As the government of Prime Minister Antonis Samaras has put a $17.45 billion spending cut and tax hike plan before Parliament for a vote on Nov. 7, ship owners are fighting to keep their tax-free status and statistics show many self-employed and the country’s professionals are continuing to evade taxes.
While workers, pensioners and the poor have been hammered with 2 ½ years of pay cuts, tax hikes and slashed pensions, tax cheats are costing the country as much as $15 billion a year while some of the country’s richest people in the shipping industry pay no taxes at all.
The German news magazine Der Spiegel outlined the inequities in a piece that showed how far the country’s wealthy are willing to go to protect their privilege while the government keeps going after people who are among the most vulnerable.
That disparity is testing the coalition government led by the New Democracy leader Samaras, whose partners, the PASOK Socialists and Democratic Left, are facing defections in their ranks because they say they can no longer to continue to support austerity measures that are supposedly antithetical to party principles.
Der Spiegel said the study showed that undeclared income from self-employed Greeks was about 28 billion euros, or $36 billion, in 2009, a year before the country was forced to seek bailouts from the Troika of the European Union-International Monetary Fund-European Central Bank (EU-IMF-ECB) which has demanded austerity in return. That cost the government about 11.2 billion euros, or $14.4 billion in one year, a bill that mounts every year.
Doctors income is reportedly 250 percent more than they report, and lawyers, economists, entertainers and journalists are also said to be among major tax cheats. “Tax evasion is not limited to the wealthy,” the study finds. “But tax evasion does increase in wealth, substantially.” One lawyer in Thessaloniki said that many attorneys report only the minimum fee of 300 euros ($385) for a court appearance they are required to charge for putting a case before a court, although they charge their clients many times more. “I know of wealthy lawyers who have been in the business for 30 years who do not pay a single euro in taxes. Some of them even boast of getting tax returns,” he said.
TAX THE POOR, NOT THE RICH
Meanwhile, a previous PASOK Socialist government when its current leader Evangelos Venizelos was finance minister, doubled income and property taxes on wage-earners who have taxes deducted from their checks, and taxed the poor. The government was embarrassed when an investigative journalist released a list of 2,059 Greeks with $1.95 billion in deposits in a Swiss bank that hadn’t been checked for tax evasion and still hasn’t.
The study found that only 200 people in a country of 11 million have declared incomes of more than 500,000 euros, or $642,294 a year. A few years ago it was reported that only six Greeks reported an income of more than $1 million, despite a plethora of shipowners, entertainers, athletes, business executives and entrepreneurs.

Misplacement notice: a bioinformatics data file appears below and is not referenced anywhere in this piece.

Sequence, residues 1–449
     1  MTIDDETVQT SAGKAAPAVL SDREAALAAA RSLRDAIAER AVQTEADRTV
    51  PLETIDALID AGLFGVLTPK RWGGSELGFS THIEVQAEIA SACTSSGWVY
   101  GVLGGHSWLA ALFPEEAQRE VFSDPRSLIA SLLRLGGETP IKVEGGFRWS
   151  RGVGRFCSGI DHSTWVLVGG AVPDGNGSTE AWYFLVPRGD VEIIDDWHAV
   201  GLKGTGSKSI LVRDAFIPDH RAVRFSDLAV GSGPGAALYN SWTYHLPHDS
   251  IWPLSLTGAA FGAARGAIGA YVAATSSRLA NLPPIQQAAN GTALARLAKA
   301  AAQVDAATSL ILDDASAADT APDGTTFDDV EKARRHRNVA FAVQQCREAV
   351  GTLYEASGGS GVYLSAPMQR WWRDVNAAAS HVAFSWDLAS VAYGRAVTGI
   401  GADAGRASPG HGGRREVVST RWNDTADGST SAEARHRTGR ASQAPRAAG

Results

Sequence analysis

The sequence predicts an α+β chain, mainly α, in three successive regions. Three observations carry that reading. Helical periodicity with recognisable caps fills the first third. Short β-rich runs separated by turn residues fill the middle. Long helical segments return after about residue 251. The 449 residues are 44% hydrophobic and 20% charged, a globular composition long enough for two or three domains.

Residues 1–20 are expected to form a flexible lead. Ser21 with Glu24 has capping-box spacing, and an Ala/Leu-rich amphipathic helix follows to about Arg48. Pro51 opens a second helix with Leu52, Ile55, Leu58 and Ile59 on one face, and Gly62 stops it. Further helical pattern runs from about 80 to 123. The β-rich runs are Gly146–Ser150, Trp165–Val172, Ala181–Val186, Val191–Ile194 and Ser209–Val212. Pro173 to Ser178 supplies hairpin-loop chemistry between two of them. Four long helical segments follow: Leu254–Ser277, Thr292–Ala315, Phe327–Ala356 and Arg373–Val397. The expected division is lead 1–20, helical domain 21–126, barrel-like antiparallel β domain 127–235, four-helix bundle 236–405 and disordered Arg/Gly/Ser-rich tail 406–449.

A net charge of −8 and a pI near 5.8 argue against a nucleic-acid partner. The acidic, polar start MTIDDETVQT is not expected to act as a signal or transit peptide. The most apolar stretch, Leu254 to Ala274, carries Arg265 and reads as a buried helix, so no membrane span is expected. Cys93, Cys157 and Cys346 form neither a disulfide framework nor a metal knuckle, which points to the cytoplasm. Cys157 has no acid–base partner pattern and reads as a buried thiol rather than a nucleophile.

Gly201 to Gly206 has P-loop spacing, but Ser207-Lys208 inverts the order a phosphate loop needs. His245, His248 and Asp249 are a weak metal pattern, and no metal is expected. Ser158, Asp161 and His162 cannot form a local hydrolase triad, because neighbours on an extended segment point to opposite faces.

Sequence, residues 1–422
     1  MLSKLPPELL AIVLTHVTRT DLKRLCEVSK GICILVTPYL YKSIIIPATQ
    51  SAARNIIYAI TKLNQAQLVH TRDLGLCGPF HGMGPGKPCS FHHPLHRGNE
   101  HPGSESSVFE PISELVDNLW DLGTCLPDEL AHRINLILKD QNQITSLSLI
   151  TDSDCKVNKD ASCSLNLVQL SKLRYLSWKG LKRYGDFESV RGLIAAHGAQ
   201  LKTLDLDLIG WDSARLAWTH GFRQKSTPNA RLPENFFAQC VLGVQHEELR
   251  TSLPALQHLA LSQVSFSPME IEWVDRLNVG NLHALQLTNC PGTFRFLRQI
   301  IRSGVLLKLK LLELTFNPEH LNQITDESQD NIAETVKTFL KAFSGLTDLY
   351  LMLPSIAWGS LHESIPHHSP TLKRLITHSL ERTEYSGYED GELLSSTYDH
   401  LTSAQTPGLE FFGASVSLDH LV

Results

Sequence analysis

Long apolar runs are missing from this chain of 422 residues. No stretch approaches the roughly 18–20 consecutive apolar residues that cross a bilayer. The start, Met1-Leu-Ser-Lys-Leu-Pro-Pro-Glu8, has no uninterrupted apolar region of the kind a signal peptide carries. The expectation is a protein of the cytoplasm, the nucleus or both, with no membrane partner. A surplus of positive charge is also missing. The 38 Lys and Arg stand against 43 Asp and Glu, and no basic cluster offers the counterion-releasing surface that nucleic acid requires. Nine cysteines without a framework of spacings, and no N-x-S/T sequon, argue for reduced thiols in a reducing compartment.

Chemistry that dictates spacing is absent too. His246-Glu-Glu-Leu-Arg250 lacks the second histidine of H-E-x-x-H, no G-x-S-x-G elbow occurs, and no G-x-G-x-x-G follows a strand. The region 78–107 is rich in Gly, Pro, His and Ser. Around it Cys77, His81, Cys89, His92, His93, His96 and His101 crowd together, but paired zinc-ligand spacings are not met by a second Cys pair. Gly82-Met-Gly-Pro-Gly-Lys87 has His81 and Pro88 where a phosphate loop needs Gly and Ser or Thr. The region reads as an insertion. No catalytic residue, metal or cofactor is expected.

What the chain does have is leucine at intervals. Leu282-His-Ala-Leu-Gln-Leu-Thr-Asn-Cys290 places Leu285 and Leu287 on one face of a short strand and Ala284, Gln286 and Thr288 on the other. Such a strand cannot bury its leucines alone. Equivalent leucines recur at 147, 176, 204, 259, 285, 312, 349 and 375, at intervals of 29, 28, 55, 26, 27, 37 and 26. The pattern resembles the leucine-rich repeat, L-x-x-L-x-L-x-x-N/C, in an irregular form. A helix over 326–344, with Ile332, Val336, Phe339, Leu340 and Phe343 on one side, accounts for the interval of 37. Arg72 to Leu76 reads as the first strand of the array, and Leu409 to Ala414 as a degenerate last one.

Manthos Neofitidis, a 35-year-old who once worked in a retail chain, is likewise furious. “This mess we are in was caused by the few who pull the strings, leaving us to eat stale bread and not giving a damn,” told Der Spiegel. “They don’t care if people die, so long as they fill their own pockets.”
Even Finance Minister Yiannis Stournaras agreed with that portrayal. Before taking his post he was head of the influential Institute for Economic and Industrial Studies (IOBE). Eight months before taking the finance minister job he said in an interview that Greece “is a poor country with rich people” who do not pay taxes. But he’s finding it difficult to get the government to tax those people with big incomes.
Ship owners benefit from dozens of tax exemptions meant to guarantee their competitiveness and successive governments have left their special status untouched and it has barely been mentioned by Troika envoys who are insisting on more pay cuts, tax hikes and slashed pensions for everyone else.
Samaras is said to have recently reached an agreement with shipping magnates on the introduction of a new cargo tax. It won’t, though make a huge difference. Given a sovereign debt load of some 350 billion euros ($449.7 billion,) the 200 million euros ($256.9 million) such a tax will bring in by 2016 is almost insignificant given the country’s debt problems.
Shipping industry representatives argue that a substantial increase in their tax burden would drive away companies and cost jobs in Greece, already suffering from high unemployment. “If Greece taxed shippers, it would be just for show and it would be like shooting itself in the foot,” says one industry expert who asked not to be identified. “The shipping industry is extremely internationalized … and is favorably treated by tax regimes all over the world – perhaps nowhere more so than in Germany itself,” referring to the biggest contributor to $325 billion in two international bailouts.
Greece is considering the establishment of a 100-strong unit to go after wealthy tax evaders but similar efforts have failed miserably. Out of 5,000 cases of suspected of tax evasion gleaned from Greek bank records, only 334 have been settled. And with Greece’s notoriously slow bureaucracy and judiciary, it could be years before the state actually receives any extra cash from wealthy tax-dodgers.